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Teen has tongue surgery to speak Korean. Huh?

A British teenager was so desperate to speak the Korean language with the proper accent that she had a surgery that lengthened her tongue, reports The Telegraph. Wait. What?

Nineteen-year-old student Rhiannon Brooksbank loves Korean culture and plans to study it in college. Her only problem: She struggled to correctly pronounce certain sounds in the Korean language, because of her shorter-than-average tongue, "caused by an unusually thick lingual frenulum – the flap of skin that joins the underside of the tongue to the floor of the mouth," the UK paper reports. More from The Telegraph:

Her parents agreed to her having a lingual frenectomy, a 15–minute operation under local anaesthetic that involved an incision in the flap of skin. Rhiannon admitted that it was "agony at first" but her tongue is now about 1cm longer and she can say words that were impossible before.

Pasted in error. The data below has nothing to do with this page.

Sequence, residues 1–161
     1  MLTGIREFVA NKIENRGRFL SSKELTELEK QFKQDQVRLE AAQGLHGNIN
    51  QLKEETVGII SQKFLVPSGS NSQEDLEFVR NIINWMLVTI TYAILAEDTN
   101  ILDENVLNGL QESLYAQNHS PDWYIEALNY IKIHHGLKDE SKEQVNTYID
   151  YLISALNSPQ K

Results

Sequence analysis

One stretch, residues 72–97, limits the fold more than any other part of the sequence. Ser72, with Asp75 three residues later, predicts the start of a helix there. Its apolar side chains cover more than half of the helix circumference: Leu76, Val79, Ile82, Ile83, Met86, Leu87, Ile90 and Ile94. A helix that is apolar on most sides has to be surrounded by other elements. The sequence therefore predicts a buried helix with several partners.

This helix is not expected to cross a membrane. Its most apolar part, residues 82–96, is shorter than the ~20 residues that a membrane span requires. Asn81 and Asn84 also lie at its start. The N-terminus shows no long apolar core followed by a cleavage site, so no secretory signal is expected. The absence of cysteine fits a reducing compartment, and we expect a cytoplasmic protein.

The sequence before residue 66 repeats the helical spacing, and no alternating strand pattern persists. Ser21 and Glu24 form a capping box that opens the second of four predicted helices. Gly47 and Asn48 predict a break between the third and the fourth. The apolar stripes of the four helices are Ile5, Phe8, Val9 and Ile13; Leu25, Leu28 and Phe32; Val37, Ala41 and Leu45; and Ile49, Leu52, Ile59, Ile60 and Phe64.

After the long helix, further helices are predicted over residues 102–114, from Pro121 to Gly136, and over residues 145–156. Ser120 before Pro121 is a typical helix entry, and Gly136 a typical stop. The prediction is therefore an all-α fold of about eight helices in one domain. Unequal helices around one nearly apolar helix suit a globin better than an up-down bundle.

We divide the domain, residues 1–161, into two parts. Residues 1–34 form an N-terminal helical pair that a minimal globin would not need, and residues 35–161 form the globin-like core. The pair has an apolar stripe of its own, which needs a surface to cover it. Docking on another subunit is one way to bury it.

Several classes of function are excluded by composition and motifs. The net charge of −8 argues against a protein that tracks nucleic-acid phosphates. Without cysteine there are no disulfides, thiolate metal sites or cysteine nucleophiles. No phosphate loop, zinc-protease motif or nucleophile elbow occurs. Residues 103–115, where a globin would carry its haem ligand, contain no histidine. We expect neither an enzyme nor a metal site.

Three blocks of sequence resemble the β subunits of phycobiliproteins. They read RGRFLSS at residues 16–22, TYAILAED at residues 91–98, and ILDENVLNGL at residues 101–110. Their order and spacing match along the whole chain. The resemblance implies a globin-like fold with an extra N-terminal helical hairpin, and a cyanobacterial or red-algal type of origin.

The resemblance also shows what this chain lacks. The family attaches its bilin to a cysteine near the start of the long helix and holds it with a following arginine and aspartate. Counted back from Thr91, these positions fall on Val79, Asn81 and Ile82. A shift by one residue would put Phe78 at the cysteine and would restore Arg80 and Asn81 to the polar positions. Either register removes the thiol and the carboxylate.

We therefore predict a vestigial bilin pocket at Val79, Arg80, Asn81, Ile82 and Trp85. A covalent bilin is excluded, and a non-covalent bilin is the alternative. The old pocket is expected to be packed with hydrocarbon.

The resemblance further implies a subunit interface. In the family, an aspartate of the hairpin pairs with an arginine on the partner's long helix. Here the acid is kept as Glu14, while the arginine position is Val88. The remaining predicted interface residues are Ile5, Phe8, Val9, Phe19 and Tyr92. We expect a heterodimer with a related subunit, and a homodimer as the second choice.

So is surgery the answer to shaking an unwanted accent? Not exactly, explains Dr. Amee P. Shah, associate professor and research director in Cleveland State University's speech and hearing program. Brooksbank likely had a condition called ankyloglossia, often nicknamed "tongue-tie," because it restricts the tongue's movement, keeping it tethered too close to the lower jaw -- which can result in in a number of speech problems, says Shaw.

Although Shah has not treated Brooksbank, she expects the teenager didn't just have problems correctly pronouncing Korean words -- she likely has had problems pronouncing English words, too. Shah explains that a "tongue-tied" person would have trouble pronouncing all vowels, and especially the consonants that are formed using the front and the top of the mouth, like T, D, L, R, S, Z, N and Y. But there's nothing unique about the Korean language that would require a lingual frenectomy. The Korean language doesn't "have an 'L' and 'R' distinction the way we do, but they do have a version that sounds like 'L' or 'R,' depending on the situation," Shah says. "They do have the vowels 'e' and 'ah' -- those would be affected."

The teenager's surgery sounds like an extreme measure, but Shah explains that a lingual frenectomy is actually a very common procedure, normally done in children who are born with a shorter tongue and thicker frenulum. But people like Brooksbank who have the procedure done later in life, usually require speech therapy in addition to the frenectomy to correct the pronunciation habits they've formed over the years to compensate for the shorter tongue.

Follow msnbc.com health writer Melissa Dahl on Twitter: @melissadahl.